Toni Atkins in Sacramento. Courtesy of the Senator’s office

San Diego County Democratic elected officials Tuesday denounced the hatred and violence that led to a woman’s death in Charlottesville, VA, over the weekend and the response by President Donald Trump.

Confrontations Saturday between white supremacists and counter-protesters resulted in the death of a woman when a man drove a car into a crowd of people. At least 19 others were hurt.

At a news conference in Balboa Park, Sen. Ben Hueso called groups like the KKK and neo-Nazis a “horrible cancer” causing pain and destruction. He said he wants his and other children to be free from racism and discrimination.

Sen. Toni Atkins said, “Donald Trump has given them active permission to put their hate on display for everyone to see.”

Other local Democratic officials, including Assemblywoman Shirley Weber and City Council President Myrtle Cole, also spoke.

“Today, we have to figure out how do we touch people’s lives and say ‘you know, there’s no reason to hate because of the color of our skin,”‘ Cole said.

On Monday, county party Chairwoman Jessica Hayes released a statement that said, “We extend our deepest condolences to the families of the victims of the tragedy that was the hateful and divisive march in Charlottesville, Virginia, on Saturday, especially the family of Heather Heyer, a white woman who died at the hands of a white man who was showing his support of white supremacy. Their logic is as flawed as their morality.”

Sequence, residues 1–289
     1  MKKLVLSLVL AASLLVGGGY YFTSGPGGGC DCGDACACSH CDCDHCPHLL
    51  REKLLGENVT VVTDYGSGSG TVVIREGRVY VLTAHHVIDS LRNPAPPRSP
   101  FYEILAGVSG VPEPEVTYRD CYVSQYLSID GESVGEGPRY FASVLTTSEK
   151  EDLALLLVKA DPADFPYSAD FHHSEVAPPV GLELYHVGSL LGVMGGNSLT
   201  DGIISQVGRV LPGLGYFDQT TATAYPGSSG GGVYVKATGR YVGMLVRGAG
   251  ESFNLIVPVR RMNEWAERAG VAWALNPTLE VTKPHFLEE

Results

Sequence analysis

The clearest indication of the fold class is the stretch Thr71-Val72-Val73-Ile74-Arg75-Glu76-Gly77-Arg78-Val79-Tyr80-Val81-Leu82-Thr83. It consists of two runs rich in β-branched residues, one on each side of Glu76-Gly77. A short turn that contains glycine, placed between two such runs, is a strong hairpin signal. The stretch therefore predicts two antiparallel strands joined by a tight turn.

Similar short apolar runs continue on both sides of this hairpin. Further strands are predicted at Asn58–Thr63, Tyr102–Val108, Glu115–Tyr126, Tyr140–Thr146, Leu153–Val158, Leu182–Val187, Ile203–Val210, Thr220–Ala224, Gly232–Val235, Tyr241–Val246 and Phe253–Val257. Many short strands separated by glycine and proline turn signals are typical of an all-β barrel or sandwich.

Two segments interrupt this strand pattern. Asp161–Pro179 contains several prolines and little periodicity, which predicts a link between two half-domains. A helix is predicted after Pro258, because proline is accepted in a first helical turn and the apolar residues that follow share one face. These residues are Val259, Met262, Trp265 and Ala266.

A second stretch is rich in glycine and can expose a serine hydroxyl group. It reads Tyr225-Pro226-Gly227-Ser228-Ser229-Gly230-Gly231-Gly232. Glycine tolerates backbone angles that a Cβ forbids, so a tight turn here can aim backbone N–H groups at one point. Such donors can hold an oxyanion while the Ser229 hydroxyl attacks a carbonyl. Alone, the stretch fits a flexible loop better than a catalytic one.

The man accused of driving the vehicle that struck Heyer, 20-year-old James Alex Fields Jr. of Ohio, was denied bail in his first court appearance on Monday. He was charged with second-degree murder in connection with the death of the 32-year-old paralegal.

Trump called racism “evil” and specifically named the KKK, neo-Nazis and white supremacists in remarks Monday about Saturday’s violence. His remarks came after two days of bipartisan criticism that his initial comments failed to directly condemn white extremists and falsely equated their behavior to protests by the left. But then on Tuesday he backtracked on his remarks, saying both sides shard blame.

Tony Krvaric, chairman of the Republican Party of San Diego County, said Monday he agreed with Trump’s latest remarks.

“In short, violence and racism can never be tolerated,” he said in an email to City News Service.

— City News Service

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Chris Jennewein

Chris Jennewein is Editor & Publisher of Times of San Diego.